to find the points that satisfy the system but to find the optimal points that minimize
or maximize the objective function (Tarquin and Blank 2001).
7.2 Formulation of Optimization Problem 347

7.2.3.2 Nonlinear Problems and Sequential Quadratic Programming

In most problems in chemical engineering, models describing the unit operations


(chemical and phase equilibrium, transport phenomena, etc.) are highly nonlinear.
These problems are called nonlinear programming problems.
The Sequential Quadratic Programming (SQP) method is a method design to
find the minimum of a nonlinear n-dimensional function where n variables are
related to nonlinear constraints. Can be expressed mathematically as follows:

Min f ðxÞ
ð7:2Þ
s:t: gðxÞ ¼ b

where f(x) is a nonlinear function. X contains the n design parameters related to


m nonlinear equality and/or inequality constraints.
The SQP method locally approaches the nonlinear function f by a quadratic
function q and the nonlinear constraints. To find the minimum of a function of this
type with linear constraints, the active set method is used which solves quadratic
subproblems with equality constraints having analytical solution. Finding the
minimum of this approximate quadratic function with linear constraints approach
it is required to go back again to another function and constraints on anew point.
This continues until some stopping criterion is met.

7.2.3.3 Mixed Integer Nonlinear Programming

Another important classification refers to the nature of the variables. There are two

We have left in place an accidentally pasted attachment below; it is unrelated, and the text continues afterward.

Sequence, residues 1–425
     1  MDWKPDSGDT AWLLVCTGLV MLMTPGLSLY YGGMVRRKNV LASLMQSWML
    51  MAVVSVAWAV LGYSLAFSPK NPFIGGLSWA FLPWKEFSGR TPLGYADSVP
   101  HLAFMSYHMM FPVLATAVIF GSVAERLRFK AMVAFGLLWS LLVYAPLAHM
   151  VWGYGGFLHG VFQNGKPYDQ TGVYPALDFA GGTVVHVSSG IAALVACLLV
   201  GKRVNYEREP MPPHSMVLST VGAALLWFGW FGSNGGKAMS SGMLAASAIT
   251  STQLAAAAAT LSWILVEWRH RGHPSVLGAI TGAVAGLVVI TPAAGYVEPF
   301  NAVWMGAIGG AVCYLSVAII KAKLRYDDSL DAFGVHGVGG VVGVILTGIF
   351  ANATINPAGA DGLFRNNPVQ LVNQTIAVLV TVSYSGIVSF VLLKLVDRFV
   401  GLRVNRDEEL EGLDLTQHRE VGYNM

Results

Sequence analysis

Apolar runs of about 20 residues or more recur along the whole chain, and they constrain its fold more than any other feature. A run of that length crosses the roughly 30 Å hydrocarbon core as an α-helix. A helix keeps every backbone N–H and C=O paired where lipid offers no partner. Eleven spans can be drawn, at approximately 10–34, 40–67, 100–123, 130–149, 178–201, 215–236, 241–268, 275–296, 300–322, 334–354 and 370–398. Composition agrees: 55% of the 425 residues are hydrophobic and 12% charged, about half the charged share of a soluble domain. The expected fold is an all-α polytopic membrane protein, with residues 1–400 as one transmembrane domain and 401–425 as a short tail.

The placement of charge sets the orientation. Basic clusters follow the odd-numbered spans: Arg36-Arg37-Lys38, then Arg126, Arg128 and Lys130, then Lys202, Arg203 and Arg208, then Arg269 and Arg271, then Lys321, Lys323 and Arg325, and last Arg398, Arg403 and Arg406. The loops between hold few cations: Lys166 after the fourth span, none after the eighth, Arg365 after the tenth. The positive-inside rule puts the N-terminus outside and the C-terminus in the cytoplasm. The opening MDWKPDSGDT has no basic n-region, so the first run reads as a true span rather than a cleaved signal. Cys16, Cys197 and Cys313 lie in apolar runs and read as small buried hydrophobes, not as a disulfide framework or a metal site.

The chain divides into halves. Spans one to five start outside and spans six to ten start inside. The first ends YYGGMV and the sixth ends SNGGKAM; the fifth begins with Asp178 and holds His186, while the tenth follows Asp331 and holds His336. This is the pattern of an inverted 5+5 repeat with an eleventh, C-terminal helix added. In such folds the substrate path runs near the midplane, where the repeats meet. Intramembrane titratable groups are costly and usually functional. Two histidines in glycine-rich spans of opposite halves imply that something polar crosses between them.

types of variables: Continuous and discrete variables. Discrete variables are those
that take only integer values; in the case of process engineering would be appro-
priate to: number of process equipment, number of tube passes in a heat exchanger,
number of stages on a gas–liquid separation, etc. These problems are known as
mixed integer programming problems.
In design and operation of plants, some problems involve nonlinear relation-
ships, binary or integer variables, and continuous variables. Continuous variables
generally represent process variables such as flow, and integer variable represents a
decision (Gomez and Esteban 2006). Some problems in plant operation and activ-
ities programming involve variables that are not continuous and often are integer
values. Integer variables can take binary values to represent decisions define
equipment configuration, or to define whether or not a specific stage feed of a
distillation column. Other integer variables can take values from the set of natural
numbers (positive integers) and can be useful if you want to define the number of
stages of evaporation in a train of evaporators or the number of steps in a heat
exchanger. The solution of such problems involves mathematical variables and the
use of more resources for which methods are designed to make the simplest
problem complexity. And the problems of continuous variable integer variable
issues can also be classified as linear (MILP) and nonlinear (MINLP) depending
348 7 Process Optimization in Chemical Engineering

on the type of equations that characterize the objective function or constraints


(Edgar et al. 2001; Grossmann 2002).